It can be debated as to whether or not the move by large organizations to adopt agile processes and practices has pushed us into this round of innovation and subsequent discontinuity. Or, was agile software development already in a period of innovation discontinuity and the ideas of Enterprise Agile have just exasperated it? At the end of the day, it doesn’t matter — what does matter is that the agile community has grown substantially, and we need to base ourselves on the values and principles of the Agile Manifesto that have served us well over the past thirteen years.
At this point of innovation discontinuity, we need to focus our efforts and learning energies on several fronts. We need to renew the emphasis on agile engineering good practices and embrace the ideas of craftsmanship — without this, agility does not happen. We must practice relentless transparency — trust does not exist without it. We must get our executive and management ranks engaged — education is not enough. We must always put people first in that people are how things get done, not the processes. And finally, as Dave Thomas’ blog points out, we have to get back to the core of Agility — assess where you are, take a small step toward your goal, adjust based on learning, and repeat — all the while, making change easy with all decisions made.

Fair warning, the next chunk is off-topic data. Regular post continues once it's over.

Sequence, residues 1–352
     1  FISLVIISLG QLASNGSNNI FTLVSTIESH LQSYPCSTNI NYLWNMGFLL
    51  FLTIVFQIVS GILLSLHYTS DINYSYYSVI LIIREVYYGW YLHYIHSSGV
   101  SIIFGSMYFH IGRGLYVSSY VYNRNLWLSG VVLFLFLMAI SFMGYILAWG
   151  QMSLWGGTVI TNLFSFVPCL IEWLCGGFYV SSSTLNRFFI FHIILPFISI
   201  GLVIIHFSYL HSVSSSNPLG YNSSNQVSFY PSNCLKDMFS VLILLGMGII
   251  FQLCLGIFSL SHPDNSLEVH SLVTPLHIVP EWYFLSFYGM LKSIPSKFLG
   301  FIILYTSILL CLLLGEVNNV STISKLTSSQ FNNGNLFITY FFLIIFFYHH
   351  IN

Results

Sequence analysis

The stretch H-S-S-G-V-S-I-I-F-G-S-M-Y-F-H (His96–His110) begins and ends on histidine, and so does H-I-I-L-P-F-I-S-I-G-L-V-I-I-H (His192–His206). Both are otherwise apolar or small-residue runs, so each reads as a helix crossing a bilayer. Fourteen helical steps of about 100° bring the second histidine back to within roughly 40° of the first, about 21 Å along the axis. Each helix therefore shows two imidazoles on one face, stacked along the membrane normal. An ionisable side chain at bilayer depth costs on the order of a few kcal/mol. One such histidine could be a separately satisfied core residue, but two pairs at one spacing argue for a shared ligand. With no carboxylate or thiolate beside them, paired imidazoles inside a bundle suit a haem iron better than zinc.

Conclusion, “Long Live Agility”
I firmly believe Agile Software Development is not doomed. And it is imperative that if you are one of those who believe ardently in the founding values, principles, and practices of Agile Software Development — that now, more than ever — get involved in the community. Some discourse is valuable; however, we need to make sure the resulting conversations drive innovation not decay. At the end of the day, I think all we want to do is make better software and solutions that customers want to buy and that we enjoy making.